NSF Grant Helps Middle-School Students Gain Computer Science Skills

Harvey Mudd College computer science Professors Mike Erlinger and Zach Dodds have received a $596,501 grant to foster the computational skills of middle-school students.

The three-year National Science Foundation grant will fund the “MyCS: Middle Years Computer Science” program, which focuses on students from groups underrepresented in the computer science field.

“MyCS strives to bring our nation’s computer science education practices in line with the field’s importance to the economy, our innovation culture and our adaptability to future challenges,” said Erlinger. “It’s designed to pique the interest of early adolescent students and build a foundation of computer science vocabulary, algorithmic thinking and skillsets that allow them to sample the beauty and joy of computational creation.”

At the program’s core is the development of a computational identity, described as a student’s self-definition regarding his or her computational thinking skills. The program captures three facets of this identity: self-efficacy (the ability to use computation to solve new problems), integration (viewing computation as a tool “we” use) and personal choices, such as future computer science study or the use of computational creativity beyond the MyCS class.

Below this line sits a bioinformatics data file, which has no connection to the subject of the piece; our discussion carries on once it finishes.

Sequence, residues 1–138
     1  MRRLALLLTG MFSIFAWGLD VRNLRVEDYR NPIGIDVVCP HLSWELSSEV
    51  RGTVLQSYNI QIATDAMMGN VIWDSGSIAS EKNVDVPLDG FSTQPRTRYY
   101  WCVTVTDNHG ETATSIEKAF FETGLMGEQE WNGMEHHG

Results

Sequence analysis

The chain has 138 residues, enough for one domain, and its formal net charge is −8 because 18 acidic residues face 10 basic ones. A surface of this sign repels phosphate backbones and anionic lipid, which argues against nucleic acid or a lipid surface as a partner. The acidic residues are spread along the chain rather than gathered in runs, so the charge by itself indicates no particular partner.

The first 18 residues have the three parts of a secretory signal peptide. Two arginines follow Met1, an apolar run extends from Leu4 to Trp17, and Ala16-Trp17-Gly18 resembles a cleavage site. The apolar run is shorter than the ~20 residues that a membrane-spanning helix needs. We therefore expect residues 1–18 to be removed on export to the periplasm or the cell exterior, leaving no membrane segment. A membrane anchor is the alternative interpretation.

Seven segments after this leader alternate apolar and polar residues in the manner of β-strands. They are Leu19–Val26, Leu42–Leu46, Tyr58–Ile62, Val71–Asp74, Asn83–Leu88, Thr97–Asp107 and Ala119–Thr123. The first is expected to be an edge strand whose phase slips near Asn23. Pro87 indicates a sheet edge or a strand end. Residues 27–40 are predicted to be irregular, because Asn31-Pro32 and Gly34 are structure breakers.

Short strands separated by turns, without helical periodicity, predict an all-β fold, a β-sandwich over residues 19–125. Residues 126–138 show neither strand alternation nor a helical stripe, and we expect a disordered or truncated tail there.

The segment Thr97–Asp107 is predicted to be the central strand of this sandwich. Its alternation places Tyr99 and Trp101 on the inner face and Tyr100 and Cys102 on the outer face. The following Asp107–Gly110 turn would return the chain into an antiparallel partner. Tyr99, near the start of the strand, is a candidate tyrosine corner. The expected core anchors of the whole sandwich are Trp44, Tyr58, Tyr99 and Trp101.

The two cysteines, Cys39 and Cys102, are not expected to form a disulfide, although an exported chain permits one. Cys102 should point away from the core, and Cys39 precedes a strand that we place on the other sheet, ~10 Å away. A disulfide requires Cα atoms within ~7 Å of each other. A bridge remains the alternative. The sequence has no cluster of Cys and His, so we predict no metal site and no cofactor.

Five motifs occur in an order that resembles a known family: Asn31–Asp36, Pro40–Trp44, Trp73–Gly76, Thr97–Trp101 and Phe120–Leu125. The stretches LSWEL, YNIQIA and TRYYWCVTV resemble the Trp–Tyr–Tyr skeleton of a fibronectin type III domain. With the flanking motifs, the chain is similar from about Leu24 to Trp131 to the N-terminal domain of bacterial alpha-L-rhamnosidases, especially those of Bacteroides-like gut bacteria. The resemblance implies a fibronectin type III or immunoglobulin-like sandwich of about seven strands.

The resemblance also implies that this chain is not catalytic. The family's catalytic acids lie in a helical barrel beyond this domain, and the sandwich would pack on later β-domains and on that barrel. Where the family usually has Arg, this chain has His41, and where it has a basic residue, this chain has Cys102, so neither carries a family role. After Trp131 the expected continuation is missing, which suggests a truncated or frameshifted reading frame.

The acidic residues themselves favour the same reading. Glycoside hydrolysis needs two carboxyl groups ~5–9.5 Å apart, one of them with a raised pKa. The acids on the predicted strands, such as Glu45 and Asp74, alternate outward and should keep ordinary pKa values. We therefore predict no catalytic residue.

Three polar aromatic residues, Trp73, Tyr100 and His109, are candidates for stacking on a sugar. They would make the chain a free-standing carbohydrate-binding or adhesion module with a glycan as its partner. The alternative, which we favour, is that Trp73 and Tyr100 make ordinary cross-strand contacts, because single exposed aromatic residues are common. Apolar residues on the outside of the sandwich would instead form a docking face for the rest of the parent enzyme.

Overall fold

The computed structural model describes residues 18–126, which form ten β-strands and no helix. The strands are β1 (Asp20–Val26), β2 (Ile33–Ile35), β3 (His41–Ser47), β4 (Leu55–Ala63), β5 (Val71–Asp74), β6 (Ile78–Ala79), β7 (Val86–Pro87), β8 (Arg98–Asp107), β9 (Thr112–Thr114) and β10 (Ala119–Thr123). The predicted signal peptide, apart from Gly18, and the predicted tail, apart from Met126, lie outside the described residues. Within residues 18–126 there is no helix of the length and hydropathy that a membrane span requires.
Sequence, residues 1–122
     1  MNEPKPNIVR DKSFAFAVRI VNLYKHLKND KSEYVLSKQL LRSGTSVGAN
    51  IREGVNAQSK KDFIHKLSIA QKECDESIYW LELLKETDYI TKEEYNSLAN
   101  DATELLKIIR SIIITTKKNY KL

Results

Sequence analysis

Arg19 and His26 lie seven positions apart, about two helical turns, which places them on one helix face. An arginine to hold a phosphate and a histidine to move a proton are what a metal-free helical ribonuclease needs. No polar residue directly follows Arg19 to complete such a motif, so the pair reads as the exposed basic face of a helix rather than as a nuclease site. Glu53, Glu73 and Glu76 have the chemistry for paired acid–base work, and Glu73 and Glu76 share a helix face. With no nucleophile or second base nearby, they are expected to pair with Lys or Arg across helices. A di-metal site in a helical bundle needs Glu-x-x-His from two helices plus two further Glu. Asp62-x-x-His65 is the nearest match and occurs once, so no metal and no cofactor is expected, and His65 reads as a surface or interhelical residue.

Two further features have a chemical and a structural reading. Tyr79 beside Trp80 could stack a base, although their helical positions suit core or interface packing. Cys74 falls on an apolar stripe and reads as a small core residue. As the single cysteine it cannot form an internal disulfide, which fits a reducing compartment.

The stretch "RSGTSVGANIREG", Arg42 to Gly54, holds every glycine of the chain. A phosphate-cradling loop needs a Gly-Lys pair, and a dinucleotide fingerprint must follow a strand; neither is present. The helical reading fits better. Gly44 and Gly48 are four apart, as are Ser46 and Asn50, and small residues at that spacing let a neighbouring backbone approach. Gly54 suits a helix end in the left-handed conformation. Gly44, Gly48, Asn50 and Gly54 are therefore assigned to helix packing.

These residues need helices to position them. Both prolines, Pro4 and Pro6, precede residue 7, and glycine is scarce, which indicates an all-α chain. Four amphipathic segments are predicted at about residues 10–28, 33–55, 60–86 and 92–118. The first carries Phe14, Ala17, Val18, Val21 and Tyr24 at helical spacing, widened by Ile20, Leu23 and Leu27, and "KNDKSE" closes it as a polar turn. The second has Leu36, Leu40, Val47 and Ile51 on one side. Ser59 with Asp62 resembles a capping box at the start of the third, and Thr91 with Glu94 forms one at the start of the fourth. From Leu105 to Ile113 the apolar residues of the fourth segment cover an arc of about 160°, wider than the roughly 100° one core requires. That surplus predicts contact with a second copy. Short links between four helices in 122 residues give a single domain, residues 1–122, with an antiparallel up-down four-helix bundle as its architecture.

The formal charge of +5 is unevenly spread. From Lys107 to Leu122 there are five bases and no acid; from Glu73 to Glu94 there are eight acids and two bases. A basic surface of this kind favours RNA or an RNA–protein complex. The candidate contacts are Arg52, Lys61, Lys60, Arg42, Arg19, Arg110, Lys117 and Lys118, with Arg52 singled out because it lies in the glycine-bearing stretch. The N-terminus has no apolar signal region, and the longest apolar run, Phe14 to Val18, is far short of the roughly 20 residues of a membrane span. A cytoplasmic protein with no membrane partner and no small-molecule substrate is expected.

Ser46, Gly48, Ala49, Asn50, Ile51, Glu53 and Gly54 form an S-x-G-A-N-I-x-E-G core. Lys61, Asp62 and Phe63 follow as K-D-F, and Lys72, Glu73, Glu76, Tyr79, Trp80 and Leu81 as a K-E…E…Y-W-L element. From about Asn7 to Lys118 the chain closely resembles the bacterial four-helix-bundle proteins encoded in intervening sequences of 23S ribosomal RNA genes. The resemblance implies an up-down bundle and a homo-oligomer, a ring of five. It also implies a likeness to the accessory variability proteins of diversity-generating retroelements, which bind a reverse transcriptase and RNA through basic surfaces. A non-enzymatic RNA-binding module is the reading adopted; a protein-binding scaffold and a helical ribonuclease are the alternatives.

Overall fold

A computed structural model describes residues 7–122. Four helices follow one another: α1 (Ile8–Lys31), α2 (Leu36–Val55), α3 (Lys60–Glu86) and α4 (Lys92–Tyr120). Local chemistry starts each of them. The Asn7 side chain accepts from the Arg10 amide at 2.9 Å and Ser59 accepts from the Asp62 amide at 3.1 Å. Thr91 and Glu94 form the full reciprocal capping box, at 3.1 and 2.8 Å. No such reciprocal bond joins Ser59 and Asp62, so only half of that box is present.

“We believe middle school is a wonderful opportunity for exposure to computer science because students are starting to decide who they are,” said Dodds. “Our goal is to excite students about computation before they have been convinced that it is not something people like them do.”

The program includes professional development workshops for teachers—to provide the foundation for teaching MyCS—and academic-year support for MyCS students and teachers, provided by HMC students and faculty. It also includes assessments to record changes in students’ and teachers’ computational self-efficacy and the influence of MyCS on their future computational choices.

Gabriela Gamiz-Gomez, HMC’s Homework Hotline administrator, will serve as the MyCS program liaison with school district partners and the community. She will also coordinate HMC student tutors to support MyCS students throughout the academic year.

Program partners include Claremont Unified School District, Chiefess Kamakahelei Middle School in Lihue, Hawaii, and Pomona Unified School District, which has approved MyCS as a middle-school elective in its district-wide curriculum. The Claremont Graduate University School of Education will provide continuing education credits for teachers involved in the MyCS program.